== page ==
Chinese History Lesson 1: THE MANCHU TAKEOVER

The Qing were led by Manchus, not ethnic Chinese, meaning that the Qing Dynasty was basically a foreign power that ruled China.  They adopted many of China’s ruling traditions, including looking inward and trying to keep foreigners out.  Early in the Qing dynasty European countries began trying to engage China in trade.  The Qings resisted but over time trade developed, mostly in products like tea, porcelain, and silk.  The engagement also led to clashes as the foreigners continuously pressed for more access and China continuously resisted.  The stage was set for further clashes between China and the rest of the world.

 

The Qing Dynasty, controlled by Manchus, Rules China from 1644-1922

 

Tribes from the north, who weren’t actually Han Chinese, conquered China. Out with the Ming and in with the Qing. Because northeastern China was known as “Manchruria,” they were called Manchus, like the moustache, although they were more famous for their hair style—the long, braided queue in the back with the hairline shaved above the forehead—which they forced Chinese men wear under the threat of execution for refusing to do so. Although the hair was new, the Qing kept most of the policies and traditions of the Ming, including this one: no foreigners allowed. A few important aspects of the early Qing Dynasty are as follows:

 

Closed to the outside world: Initially Qing maintains China’s long term policy of limited contact with the outside world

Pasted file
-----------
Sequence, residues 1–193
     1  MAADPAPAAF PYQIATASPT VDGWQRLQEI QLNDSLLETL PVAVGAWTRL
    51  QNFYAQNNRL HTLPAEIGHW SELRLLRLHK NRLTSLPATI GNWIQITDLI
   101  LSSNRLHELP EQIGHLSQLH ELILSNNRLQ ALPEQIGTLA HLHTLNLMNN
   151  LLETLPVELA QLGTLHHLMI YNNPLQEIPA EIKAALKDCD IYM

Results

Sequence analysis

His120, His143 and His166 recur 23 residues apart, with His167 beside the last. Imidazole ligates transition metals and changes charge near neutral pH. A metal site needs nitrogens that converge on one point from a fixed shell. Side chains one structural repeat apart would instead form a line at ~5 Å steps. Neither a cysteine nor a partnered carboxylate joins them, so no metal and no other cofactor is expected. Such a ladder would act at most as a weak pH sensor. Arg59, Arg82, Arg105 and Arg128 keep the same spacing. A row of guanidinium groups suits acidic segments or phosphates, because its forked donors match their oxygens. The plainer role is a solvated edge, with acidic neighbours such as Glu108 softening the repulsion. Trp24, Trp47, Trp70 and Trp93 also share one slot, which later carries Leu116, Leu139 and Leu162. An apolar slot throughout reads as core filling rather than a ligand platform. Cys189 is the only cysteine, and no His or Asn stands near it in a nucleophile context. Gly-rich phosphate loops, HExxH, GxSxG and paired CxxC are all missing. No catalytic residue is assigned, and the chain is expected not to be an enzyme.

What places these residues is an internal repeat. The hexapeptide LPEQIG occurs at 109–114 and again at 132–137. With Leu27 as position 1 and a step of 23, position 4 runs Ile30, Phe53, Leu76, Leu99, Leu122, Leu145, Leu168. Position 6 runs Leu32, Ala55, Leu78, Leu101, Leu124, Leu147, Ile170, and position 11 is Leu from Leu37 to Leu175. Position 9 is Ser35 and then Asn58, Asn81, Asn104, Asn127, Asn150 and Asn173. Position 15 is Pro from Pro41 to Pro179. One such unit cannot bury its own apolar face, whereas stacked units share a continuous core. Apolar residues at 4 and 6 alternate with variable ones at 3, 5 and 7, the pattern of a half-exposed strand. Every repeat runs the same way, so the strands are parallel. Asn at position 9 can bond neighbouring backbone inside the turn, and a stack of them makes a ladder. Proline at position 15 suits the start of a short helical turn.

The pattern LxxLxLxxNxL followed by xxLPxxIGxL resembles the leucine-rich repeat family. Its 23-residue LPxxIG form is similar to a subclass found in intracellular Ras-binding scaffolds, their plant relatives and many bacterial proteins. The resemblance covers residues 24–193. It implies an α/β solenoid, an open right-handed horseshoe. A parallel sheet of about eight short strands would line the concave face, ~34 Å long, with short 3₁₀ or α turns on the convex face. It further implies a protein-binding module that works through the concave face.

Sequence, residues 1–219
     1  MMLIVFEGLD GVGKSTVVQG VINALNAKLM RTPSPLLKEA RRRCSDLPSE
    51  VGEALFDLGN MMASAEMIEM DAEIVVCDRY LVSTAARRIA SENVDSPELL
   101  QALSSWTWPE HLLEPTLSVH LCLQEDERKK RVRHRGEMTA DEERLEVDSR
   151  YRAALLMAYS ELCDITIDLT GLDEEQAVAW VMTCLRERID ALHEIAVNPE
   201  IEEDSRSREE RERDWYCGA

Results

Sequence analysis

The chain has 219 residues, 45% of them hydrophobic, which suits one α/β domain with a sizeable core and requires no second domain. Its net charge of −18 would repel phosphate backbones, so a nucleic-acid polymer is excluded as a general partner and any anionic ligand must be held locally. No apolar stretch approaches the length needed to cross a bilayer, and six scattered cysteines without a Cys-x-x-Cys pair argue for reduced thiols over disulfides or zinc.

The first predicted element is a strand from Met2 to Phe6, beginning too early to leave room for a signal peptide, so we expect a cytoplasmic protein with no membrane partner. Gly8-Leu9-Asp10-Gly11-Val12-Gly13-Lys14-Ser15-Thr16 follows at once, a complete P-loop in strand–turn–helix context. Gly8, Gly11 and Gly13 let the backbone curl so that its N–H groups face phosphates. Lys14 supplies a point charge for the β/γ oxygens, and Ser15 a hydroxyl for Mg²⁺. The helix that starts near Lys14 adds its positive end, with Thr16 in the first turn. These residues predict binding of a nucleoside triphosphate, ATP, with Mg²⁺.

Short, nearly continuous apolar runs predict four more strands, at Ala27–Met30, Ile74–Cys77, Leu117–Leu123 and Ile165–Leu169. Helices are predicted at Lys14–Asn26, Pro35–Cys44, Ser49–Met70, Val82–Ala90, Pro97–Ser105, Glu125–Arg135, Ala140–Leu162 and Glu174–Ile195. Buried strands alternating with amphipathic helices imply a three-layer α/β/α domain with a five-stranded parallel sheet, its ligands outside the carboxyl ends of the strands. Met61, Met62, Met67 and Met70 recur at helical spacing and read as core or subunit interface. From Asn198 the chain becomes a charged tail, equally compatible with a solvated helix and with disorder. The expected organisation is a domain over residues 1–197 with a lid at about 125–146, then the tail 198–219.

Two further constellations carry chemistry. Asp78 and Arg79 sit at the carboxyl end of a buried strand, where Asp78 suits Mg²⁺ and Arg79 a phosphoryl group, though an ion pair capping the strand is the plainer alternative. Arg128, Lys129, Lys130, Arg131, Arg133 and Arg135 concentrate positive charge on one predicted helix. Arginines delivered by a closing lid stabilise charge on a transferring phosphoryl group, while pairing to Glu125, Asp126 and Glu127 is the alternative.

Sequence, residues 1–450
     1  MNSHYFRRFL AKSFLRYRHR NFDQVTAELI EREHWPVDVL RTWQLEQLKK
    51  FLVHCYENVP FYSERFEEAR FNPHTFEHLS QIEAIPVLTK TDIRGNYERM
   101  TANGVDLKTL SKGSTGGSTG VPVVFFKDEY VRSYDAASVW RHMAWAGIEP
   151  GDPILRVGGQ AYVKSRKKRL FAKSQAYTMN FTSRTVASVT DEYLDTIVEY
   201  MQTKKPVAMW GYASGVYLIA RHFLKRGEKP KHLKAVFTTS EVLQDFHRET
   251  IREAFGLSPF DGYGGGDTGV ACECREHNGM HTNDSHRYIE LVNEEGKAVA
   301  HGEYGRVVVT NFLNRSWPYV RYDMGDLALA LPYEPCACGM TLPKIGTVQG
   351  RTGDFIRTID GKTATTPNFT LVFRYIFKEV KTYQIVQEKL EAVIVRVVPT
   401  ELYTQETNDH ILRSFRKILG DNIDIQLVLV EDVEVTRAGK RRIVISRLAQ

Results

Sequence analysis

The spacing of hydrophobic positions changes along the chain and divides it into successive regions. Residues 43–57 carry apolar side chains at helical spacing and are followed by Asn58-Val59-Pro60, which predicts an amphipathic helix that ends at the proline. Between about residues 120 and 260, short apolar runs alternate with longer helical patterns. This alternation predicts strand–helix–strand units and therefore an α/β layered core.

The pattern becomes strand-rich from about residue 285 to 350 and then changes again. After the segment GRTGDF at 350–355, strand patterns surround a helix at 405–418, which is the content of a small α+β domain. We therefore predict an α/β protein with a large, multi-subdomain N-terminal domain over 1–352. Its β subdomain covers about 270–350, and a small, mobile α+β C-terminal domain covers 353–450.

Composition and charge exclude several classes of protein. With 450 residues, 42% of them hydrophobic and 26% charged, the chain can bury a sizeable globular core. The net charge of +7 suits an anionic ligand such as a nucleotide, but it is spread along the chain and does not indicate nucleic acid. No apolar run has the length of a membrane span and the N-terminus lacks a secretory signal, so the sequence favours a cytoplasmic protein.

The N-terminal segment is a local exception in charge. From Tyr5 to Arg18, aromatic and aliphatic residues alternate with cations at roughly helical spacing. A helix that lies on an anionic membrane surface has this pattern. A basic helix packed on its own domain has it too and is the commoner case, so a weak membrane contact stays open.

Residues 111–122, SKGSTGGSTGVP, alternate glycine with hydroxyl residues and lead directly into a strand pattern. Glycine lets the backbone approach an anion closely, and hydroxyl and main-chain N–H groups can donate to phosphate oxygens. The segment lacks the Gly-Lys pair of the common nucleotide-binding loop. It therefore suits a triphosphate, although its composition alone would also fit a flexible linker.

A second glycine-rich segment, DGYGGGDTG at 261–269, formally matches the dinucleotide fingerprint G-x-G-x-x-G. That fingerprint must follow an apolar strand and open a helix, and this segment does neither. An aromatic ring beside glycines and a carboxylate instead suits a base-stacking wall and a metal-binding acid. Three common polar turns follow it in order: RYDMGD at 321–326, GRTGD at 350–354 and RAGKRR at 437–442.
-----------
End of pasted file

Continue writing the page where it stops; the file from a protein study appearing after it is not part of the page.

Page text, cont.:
Even prior to the Qing dynasty China had long tried to insulate itself from the world. The Qing had no formal diplomatic corps as foreign relations weren’t considered important. Instead such matters were handled by other ministries. China’s main foreign relations were tributary, i.e., it would collect tribute payments from smaller, neighboring countries like Vietnam and Thailand. During the early Qing relations with Japan were minimal in part because the Tokugawa government refused to recognize Chinese superiority which was a standard part of the tributary relationship.

 

Barbarians at the gate: European nations begin engaging China

 

British, French, Dutch, Spanish, and Portugal all active in trade in early Qing. The Dutch and Portuguese tried to establish broad trading privileges but were rebuffed. Eventually trade was allowed in Canton, Xiamen, and Zhoushan. In 1680 the Qing dynasty allows access to coastal ports and drops the notion that Western nations need to assume tributary status in order to trade with China. Trade initially focused on items like Chinese silks, porcelains, and teas.

 

Arrested and rebuffed: China tries to keep the foreigners out

 

As foreigners, led by Brits, try to push further into China to increase trade, tensions with Chinese mount and clashes result. For example, in 1759 James Flint of the East India Company was sent to negotiate with Qing for better terms of trade. He sailed without permission to Ningbo then Tianjin. Though initially received well by the emperor Flint was eventually imprisoned for three years for illegally sailing to Ningbo, improperly presenting petitions, and learning Chinese. Other similar incidents demonstrate that the Qing’s, though permitting some trade, continued to be reluctant to give foreigners broad access to China.